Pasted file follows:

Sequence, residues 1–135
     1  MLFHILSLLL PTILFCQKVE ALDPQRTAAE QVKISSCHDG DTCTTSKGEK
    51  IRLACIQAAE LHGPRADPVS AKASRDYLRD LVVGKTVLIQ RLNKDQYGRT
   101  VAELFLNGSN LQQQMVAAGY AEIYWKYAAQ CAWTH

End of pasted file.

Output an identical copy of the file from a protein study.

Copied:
Sequence, residues 1–135
     1  MLFHILSLLL PTILFCQKVE ALDPQRTAAE QVKISSCHDG DTCTTSKGEK
    51  IRLACIQAAE LHGPRADPVS AKASRDYLRD LVVGKTVLIQ RLNKDQYGRT
   101  VAELFLNGSN LQQQMVAAGY AEIYWKYAAQ CAWTH